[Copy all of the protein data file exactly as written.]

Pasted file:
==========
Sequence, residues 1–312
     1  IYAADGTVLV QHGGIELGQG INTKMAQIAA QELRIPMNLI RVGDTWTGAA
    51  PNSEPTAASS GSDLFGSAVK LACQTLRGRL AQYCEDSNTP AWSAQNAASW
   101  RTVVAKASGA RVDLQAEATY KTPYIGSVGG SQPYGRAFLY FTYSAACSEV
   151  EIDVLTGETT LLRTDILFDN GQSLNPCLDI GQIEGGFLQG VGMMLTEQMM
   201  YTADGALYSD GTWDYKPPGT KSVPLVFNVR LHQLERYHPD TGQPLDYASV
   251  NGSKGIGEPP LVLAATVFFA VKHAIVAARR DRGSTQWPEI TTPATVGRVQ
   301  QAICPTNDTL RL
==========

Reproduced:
Sequence, residues 1–312
     1  IYAADGTVLV QHGGIELGQG INTKMAQIAA QELRIPMNLI RVGDTWTGAA
    51  PNSEPTAASS GSDLFGSAVK LACQTLRGRL AQYCEDSNTP AWSAQNAASW
   101  RTVVAKASGA RVDLQAEATY KTPYIGSVGG SQPYGRAFLY FTYSAACSEV
   151  EIDVLTGETT LLRTDILFDN GQSLNPCLDI GQIEGGFLQG VGMMLTEQMM
   201  YTADGALYSD GTWDYKPPGT KSVPLVFNVR LHQLERYHPD TGQPLDYASV
   251  NGSKGIGEPP LVLAATVFFA VKHAIVAARR DRGSTQWPEI TTPATVGRVQ
   301  QAICPTNDTL RL